The winds of change, they are a'blowin. This week's meta-murder question is:
Have we not been clear enough that meta-tags are a Bad Thing™?
In her answer, Grace specifically calls out previous tag-burning parties I've held here on meta. In further discussing this with her, she said the following:
Excepting the obvious points like "meta", "ambiguous", "worthless", and "too narrow", the main thing is, if it isn't a tag you're going to subscribe to, does it create a meaningful categorization that people will enjoy in the subset within the game? If not, then it is likely to be bad.
I decided to go through a subset of the tags and try to determine if there was some subset of that subset of them that I could mark as meeting these criteria. Some tags are just clearly bad - they're things we close questions for, and they just should not exist. We've allowed a good number of other "meta" tags to proliferate though... I went through about 300 tags, and more than 60-70 of them seemed to qualify.
I was planning on posting all of them here, but on reflection it seemed like the kind of thing that would get me burninated rather than being productive. So I decided to do this first.
Here's the categories of tag that I've identified as being "bad" under what I understand to be the current "criteria for badness." I've also given a percentage estimate of what percentage of all the "bad tags" fall into this category.
- Tags for questions that are highly likely to be closed. I think these should represent a "no-brainer" in most cases. (game-rec, legal, game-development, sales, probably less than 10%)
- Tags that are too specific to be useful, and should be removed from questions and/or merged with other tags as appropriate. (prestige, konami-code, windowed-mode, wireless-controllers, probably about 10-20%)
- Tags that represent common gameplay mechanics across many games. These are commonly used alongside a specific game, which means they cut a wide swath across all games, making them hard to use for subscription and/or to subdivide questions. (campaign, single-player, combat, probably 60-70%)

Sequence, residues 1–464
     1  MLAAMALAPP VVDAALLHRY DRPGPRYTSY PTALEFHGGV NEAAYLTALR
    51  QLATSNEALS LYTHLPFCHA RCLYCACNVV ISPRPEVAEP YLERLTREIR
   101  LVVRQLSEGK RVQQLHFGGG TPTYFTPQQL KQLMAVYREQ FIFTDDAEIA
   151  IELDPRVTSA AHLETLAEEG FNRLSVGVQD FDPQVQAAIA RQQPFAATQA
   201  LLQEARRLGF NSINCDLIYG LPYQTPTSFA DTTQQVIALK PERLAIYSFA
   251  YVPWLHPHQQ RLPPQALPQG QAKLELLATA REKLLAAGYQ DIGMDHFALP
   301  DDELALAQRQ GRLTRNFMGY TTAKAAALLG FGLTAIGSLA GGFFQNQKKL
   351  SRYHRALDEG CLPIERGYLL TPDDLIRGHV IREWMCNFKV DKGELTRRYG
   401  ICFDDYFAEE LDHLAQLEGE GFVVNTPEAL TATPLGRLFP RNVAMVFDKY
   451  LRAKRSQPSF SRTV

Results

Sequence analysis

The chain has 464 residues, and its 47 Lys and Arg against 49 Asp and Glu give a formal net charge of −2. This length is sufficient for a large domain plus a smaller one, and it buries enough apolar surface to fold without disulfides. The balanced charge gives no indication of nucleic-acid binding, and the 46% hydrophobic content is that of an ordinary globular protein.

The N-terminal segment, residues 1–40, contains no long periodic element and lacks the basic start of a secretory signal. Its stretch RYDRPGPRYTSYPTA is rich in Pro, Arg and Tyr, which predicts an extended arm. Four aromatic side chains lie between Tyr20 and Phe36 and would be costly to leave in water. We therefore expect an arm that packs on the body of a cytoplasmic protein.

- Tags that represent genres that are commonly used alongside game tags, making them redundant and meaningless to subdivide questions. (first-person-shooter, sliding-puzzle, probably about 10% or less)
"Non-game specific" questions are the one area where things get tricky. What if I have a genre question? Or a question about game mechanics in general? These tend to be broad questions and a limited percentage of the site's "good" questions land in this zone, although sometimes the ones that do are fascinating. It might make sense to have some "top level" tag that represents these "meta" (have I overloaded this term enough today?) questions.
My personal opinion on this subject is that we should make a decision about these categories, and make some kind of guideline or policy that we can use going forward in order to avoid disagreement among the site's "power users" and mass re-tagging later on down the line. What that decision is doesn't really make that much of a difference to me, personally. I'm doing this on a lark, and whatever happens, I'll just shrug and keep on keepin' on, so, please, don't shoot the messenger. :)
I figure that non "power users" submitting questions are likely to not follow the guideline, but at least if we agree on a policy, then fixing the tags should be easy for anyone with edit rights to do.
I guess the big, bold tl;dr at the end should be: